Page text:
Determinants of everyday outcomes in schizophrenia: The influences of cognitive impairment, functional capacity, and symptoms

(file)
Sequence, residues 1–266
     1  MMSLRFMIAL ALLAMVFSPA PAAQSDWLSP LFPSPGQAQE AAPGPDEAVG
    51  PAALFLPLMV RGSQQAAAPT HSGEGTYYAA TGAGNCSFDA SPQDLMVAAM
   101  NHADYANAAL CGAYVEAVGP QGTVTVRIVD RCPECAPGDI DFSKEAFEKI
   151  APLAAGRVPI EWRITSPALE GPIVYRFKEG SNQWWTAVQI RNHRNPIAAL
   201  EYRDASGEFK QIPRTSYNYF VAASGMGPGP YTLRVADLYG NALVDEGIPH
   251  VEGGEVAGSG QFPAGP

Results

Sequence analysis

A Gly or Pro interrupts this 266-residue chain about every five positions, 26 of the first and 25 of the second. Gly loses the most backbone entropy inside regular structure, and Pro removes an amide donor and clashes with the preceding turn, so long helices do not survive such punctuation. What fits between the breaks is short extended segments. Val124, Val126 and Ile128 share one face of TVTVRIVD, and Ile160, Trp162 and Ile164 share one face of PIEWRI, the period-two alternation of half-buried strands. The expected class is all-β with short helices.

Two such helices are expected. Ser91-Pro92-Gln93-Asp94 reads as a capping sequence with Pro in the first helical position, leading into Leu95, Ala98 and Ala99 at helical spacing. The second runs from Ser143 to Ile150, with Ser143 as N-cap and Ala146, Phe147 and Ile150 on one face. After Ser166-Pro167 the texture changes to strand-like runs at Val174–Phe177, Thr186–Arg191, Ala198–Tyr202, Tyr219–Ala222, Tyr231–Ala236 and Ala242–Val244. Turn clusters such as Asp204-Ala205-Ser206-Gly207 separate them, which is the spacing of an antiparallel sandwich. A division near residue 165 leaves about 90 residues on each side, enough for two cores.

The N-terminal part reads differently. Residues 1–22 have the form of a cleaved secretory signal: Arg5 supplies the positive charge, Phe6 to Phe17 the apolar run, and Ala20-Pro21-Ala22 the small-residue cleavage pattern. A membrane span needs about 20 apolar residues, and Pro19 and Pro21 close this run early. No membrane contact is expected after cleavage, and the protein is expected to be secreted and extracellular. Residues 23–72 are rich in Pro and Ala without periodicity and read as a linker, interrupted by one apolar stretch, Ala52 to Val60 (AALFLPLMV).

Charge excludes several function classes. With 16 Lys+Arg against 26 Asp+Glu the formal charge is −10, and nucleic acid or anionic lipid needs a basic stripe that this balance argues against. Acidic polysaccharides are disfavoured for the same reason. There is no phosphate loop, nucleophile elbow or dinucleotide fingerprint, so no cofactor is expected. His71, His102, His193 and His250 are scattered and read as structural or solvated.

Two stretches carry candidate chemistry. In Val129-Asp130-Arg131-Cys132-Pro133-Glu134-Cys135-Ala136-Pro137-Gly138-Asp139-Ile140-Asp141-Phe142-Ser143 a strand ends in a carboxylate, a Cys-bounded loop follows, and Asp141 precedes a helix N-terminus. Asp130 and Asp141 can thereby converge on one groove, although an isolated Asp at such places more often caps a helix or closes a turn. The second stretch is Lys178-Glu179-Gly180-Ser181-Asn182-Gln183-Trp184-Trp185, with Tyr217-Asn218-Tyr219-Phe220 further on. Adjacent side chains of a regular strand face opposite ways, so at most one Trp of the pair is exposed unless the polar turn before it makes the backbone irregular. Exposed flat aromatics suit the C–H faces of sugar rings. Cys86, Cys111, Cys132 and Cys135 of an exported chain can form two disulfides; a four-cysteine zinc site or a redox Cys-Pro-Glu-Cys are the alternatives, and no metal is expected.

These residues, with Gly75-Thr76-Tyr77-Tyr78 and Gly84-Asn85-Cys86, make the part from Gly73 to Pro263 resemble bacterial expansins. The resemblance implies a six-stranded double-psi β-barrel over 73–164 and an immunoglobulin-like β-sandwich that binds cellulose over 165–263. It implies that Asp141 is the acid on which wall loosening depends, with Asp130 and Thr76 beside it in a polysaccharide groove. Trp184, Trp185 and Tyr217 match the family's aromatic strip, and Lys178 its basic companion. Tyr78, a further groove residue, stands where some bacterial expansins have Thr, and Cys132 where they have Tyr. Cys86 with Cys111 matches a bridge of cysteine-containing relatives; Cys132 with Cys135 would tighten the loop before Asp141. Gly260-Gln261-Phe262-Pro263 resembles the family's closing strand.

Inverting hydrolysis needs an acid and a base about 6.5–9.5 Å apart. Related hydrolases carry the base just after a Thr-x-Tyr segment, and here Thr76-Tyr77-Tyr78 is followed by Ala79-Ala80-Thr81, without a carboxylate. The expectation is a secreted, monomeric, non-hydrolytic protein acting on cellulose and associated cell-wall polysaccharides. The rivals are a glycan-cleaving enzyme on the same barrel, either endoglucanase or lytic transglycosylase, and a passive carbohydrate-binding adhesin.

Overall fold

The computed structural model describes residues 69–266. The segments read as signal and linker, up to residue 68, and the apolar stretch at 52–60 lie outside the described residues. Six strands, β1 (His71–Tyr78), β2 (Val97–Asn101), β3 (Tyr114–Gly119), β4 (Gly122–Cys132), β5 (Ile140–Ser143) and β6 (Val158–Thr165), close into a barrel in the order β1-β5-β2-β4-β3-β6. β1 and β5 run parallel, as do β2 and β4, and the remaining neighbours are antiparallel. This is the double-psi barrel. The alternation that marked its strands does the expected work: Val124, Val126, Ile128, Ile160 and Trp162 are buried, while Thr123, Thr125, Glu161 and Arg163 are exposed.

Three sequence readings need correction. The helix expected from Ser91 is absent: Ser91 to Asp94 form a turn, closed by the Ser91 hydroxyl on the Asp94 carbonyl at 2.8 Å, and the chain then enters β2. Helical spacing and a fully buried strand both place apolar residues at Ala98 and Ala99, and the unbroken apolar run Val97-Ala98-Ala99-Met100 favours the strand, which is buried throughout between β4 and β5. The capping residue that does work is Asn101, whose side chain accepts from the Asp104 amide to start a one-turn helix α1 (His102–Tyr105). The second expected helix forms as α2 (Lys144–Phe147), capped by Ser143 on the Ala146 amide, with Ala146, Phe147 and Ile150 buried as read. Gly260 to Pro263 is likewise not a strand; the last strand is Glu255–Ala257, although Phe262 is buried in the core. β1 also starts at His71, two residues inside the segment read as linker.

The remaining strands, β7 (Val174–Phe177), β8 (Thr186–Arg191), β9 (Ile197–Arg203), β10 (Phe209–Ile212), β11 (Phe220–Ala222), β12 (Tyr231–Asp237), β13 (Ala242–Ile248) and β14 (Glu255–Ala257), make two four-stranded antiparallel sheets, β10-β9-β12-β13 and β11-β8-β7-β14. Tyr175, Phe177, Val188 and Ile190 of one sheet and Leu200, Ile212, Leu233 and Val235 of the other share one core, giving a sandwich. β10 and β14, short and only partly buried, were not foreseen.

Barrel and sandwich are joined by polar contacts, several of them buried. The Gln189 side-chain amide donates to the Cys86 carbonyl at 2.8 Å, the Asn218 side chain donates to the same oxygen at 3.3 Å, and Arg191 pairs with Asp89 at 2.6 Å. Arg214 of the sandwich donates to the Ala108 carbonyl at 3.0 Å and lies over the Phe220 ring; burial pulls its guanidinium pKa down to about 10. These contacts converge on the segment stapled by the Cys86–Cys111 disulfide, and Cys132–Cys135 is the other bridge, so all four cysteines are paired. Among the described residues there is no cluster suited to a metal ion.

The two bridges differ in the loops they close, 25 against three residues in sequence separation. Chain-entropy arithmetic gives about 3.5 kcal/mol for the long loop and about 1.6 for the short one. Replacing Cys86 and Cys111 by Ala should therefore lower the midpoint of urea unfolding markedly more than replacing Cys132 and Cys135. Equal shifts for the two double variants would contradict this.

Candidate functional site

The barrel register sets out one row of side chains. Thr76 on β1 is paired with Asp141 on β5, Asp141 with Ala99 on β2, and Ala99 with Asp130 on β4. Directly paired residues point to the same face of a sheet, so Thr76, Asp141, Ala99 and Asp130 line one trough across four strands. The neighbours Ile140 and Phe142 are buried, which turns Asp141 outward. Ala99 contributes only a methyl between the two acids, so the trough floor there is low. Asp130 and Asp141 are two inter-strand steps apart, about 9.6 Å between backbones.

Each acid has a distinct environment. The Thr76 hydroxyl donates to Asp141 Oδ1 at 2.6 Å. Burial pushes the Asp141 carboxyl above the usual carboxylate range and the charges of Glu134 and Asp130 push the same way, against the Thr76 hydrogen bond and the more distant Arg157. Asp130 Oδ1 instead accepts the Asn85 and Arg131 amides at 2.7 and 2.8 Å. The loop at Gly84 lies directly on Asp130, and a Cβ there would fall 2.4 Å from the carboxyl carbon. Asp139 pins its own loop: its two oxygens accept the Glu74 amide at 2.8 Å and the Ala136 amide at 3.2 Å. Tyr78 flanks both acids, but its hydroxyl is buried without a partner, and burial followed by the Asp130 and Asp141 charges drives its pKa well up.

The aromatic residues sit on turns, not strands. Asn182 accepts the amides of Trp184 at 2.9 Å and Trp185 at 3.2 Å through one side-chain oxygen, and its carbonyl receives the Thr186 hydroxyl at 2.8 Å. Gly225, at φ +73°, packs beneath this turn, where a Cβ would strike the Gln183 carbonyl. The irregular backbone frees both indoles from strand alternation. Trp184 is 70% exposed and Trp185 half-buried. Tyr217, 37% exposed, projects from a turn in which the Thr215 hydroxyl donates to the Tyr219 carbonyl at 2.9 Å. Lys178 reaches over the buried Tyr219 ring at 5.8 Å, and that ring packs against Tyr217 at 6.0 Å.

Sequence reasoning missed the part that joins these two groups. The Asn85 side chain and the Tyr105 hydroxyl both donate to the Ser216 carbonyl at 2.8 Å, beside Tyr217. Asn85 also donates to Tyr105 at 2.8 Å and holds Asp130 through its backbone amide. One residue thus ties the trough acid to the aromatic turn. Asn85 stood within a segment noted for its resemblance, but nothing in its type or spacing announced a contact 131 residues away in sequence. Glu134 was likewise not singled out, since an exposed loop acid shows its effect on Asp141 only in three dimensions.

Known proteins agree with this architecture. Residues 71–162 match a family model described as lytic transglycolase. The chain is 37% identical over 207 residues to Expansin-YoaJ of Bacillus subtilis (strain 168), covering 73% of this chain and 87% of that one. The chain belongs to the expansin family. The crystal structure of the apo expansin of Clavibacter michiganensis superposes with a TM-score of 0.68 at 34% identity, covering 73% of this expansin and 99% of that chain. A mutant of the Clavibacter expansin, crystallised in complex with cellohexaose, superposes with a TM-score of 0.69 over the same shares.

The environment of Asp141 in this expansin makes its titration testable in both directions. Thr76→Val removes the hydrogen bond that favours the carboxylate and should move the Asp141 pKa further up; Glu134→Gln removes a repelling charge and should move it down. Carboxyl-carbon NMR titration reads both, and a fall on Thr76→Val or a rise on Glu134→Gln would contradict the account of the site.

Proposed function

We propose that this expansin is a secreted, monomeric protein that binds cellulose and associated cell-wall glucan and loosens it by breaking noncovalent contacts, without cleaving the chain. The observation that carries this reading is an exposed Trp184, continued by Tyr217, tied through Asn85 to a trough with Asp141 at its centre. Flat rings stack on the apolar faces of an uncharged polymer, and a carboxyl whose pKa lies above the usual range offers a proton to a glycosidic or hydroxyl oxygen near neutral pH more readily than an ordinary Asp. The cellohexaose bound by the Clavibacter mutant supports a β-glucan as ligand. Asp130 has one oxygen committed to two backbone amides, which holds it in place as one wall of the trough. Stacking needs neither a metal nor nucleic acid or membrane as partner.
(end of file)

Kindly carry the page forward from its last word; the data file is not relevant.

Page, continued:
Deficits in everyday living skills and social skills are associated with the pervasive disability seen in schizophrenia. Cognitive impairments are determinants of these skills deficits and it is known that positive and negative symptoms add to the influence of cognitive impairments for prediction of real-world outcomes. This study examined the relative importance of cognitive impairments measured with a neuropsychological battery, performance-based measures of social and everyday living skills, and positive and negative symptoms for the prediction of real-world outcomes in social and residential domains. In contrast to most previous studies, we examined the importance of individual symptoms, as well as total subscale scores, for predicting clinician rated outcomes in 194 older outpatients with schizophrenia. Symptoms were rated with the Positive and Negative Syndrome Scale; everyday living skills were measured by the UCSD Performance-based Skills Assessment; and social skills were measured with the Social Skills Performance Assessment. For prediction of real-world social outcomes, blunted affect and passive-apathetic social withdrawal accounted for all of the predicted variance, while social competence and cognitive impairments did not enter the final equation. For residential functioning, everyday living skills were the most important predictor, followed by lack of spontaneity. The positive symptoms of hallucinatory behavior and suspiciousness also predicted real-world residential outcomes. These results suggest that real-world disability is the product of a complex array of ability deficits and symptoms, indicating interventions will need to be carefully targeted. For social and everyday living outcomes, variance accounted for by the entire array of predictive variables was less than 40%, suggesting that other factors, such as social and cultural influences, are involved as well.
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